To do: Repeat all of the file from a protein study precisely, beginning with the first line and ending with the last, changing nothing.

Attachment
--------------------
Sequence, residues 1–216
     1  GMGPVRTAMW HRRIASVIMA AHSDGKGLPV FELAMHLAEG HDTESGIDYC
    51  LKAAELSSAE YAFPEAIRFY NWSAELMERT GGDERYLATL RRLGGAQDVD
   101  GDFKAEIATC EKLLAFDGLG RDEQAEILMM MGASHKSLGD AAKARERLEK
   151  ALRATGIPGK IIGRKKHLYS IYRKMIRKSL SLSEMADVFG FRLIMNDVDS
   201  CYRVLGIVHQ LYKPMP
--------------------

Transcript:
Sequence, residues 1–216
     1  GMGPVRTAMW HRRIASVIMA AHSDGKGLPV FELAMHLAEG HDTESGIDYC
    51  LKAAELSSAE YAFPEAIRFY NWSAELMERT GGDERYLATL RRLGGAQDVD
   101  GDFKAEIATC EKLLAFDGLG RDEQAEILMM MGASHKSLGD AAKARERLEK
   151  ALRATGIPGK IIGRKKHLYS IYRKMIRKSL SLSEMADVFG FRLIMNDVDS
   201  CYRVLGIVHQ LYKPMP